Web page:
Wednesday, 21 November 2018

Residents call for 20mph speed limit through village

MOST residents of Whitchurch think there should be a 20mph speed limit in the village.

In a survey carried out for the new village plan, 128 out of 150 respondents supported the idea, a majority of more than 85 per cent.

Reducing the 30mph limit in the main thoroughfares is designed to improve safety.

Speeding is a particular problem in the high street, which is used by large numbers of commuters from Pangbourne station to park, reducing visibility.

In the past year there have been at least two incidents in which vehicles left the road and ploughed through garden walls.

One respondent said their car had been smashed into twice in the past three years.

Another said: “Cars travel too fast with complete disregard for the buildings and pedestrians.”

However, others said that the parked cars were effective at slowing traffic and claimed the lower speed limit would be unenforceable, especially at night.

Some residents said that if the lower limit was introduced there should not be excessive signage or other measures such as speed bumps which would spoil the rural character of the village.

In response to a question about which hour of the day parking should be restricted to residents only, the most popular answer was 10am to 11am with 44 per cent support.

One villager said: “Congestion due to parking is a significant problem, causing pollution from queuing vehicles and a pedestrian injury risk when crossing the road.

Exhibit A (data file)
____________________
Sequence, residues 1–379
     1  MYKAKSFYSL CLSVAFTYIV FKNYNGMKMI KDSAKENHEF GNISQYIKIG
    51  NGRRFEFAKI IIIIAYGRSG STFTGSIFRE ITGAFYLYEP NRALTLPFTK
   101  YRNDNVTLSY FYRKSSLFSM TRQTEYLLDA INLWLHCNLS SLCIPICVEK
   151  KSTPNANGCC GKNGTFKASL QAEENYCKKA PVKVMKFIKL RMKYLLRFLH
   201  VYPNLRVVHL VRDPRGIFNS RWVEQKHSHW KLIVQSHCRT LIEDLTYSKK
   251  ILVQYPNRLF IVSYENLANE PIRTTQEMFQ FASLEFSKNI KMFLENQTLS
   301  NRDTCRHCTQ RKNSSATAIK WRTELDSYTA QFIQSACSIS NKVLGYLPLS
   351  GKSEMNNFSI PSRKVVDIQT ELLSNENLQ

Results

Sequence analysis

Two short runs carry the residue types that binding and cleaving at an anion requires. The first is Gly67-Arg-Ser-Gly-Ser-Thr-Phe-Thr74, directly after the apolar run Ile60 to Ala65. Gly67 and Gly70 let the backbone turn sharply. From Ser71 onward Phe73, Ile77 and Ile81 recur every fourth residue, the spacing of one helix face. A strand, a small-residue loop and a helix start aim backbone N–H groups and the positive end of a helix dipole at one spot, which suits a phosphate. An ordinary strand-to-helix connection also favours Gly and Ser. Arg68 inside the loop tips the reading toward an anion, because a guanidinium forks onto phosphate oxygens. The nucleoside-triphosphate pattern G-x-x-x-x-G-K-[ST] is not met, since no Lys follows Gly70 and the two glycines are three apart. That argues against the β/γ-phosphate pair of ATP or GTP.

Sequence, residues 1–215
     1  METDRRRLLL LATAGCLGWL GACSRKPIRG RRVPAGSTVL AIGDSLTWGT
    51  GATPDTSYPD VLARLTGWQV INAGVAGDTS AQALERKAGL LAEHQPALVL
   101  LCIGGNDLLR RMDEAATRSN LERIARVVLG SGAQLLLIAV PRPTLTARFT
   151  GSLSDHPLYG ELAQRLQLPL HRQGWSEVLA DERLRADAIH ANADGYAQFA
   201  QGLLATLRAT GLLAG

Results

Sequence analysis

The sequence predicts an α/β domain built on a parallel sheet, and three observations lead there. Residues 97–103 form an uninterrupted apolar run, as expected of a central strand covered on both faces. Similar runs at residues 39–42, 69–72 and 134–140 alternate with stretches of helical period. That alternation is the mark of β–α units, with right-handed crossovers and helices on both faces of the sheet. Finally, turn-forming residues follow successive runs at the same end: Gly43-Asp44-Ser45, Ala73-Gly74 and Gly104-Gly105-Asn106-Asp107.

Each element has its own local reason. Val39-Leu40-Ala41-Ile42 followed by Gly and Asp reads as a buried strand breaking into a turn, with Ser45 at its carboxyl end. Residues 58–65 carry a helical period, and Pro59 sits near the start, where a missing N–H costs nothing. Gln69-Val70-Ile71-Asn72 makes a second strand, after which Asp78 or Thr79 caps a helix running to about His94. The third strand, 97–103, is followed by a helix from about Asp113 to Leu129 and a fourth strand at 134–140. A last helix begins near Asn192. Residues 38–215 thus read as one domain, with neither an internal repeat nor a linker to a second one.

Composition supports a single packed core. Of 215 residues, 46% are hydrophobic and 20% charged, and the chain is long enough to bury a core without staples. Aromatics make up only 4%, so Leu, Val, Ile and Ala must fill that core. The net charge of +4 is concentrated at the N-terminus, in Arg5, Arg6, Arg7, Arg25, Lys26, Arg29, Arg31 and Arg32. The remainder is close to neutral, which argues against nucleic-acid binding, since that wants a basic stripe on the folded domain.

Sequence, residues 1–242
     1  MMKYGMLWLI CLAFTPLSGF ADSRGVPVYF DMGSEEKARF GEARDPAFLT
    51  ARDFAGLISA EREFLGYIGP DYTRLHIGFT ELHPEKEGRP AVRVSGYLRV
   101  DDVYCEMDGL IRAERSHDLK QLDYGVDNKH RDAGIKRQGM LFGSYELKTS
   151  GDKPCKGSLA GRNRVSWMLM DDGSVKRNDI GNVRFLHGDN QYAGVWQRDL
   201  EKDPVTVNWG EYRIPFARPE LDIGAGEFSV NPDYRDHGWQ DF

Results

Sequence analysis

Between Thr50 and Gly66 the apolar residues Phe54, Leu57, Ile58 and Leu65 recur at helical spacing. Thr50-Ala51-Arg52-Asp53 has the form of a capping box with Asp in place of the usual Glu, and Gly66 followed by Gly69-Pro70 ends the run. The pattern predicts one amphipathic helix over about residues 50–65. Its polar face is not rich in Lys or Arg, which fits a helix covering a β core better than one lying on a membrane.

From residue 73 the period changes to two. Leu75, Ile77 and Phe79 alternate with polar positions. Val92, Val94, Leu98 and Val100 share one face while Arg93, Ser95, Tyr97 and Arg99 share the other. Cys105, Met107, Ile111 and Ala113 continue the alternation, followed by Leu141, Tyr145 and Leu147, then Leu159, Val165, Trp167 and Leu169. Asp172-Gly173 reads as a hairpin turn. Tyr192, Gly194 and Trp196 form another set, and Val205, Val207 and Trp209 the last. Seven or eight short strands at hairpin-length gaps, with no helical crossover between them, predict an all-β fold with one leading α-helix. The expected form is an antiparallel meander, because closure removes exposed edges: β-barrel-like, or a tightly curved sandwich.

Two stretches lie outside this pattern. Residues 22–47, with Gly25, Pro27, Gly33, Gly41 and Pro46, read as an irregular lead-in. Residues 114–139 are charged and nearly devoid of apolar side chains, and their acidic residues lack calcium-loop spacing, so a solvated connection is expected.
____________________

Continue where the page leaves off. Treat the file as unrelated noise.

“Since the bridge was closed for a year [in 2013], commuters have become accustomed to using the high street as an all-day car park.”

Another said: “The parking limits should be more than one hour as people will take a chance.”

Only 21 per cent of residents supported building new facilities at the village green, off Eastfield Lane, in addition to the new sports pavilion that is already planned.

Some proposed a new children’s play area, outdoor gym or skate park but the majority felt it should remain an open green space.

Others suggested allowing more one-off events, such as outdoor film screenings or personal training sessions, and more facilities for younger children.

More than 75 per cent said they regularly visited the village maze off Hardwick Road and almost 90 per cent said it should remain a wildlife and picnic area.

Only 22 per cent supported resurfacing Muddy Lane, between Eastfield Lane and Hardwick Road, and just 19 per cent wanted a formal pavement in Eastfield Lane, saying it would spoil its rural feel.

Two-thirds said pedestrian safety should be improved where the high street narrows outside the Ferryboat pub.

A small number said the lane should have a pavement for children walking to the village primary school.

More than half of respondents said the pavements should be regularly weeded.

Only a quarter backed the installation of hanging baskets and just 17 per cent supported entering Britain in Bloom. Only 46 per cent said they would consider hiring the village hall because it is run down compared with Goring Heath parish hall.

Three-quarters supported allowing the new village green pavilion to host community events while half said it should be available for private hire.

Some suggested a curfew to prevent noise complaints.

Twenty-nine per cent of people were happy to see their council tax rise by £50 a year to fund improvements in the village.

The village plan steering group will use the results of the survey to draw up a draft document that should be published early next year. The last plan was produced in 2009.

Jim Donahue, chairman of Whitchurch Parish Council, said he was happy with the number of responses to the survey.

“There are about 300 households in Whitchurch so it is a representative sample,” he said.

“Before we publish anything, we intend to carry out further consultation on traffic and parking issues as these are clearly the biggest concerns and we want to make sure we are making solid recommendations in those areas.”

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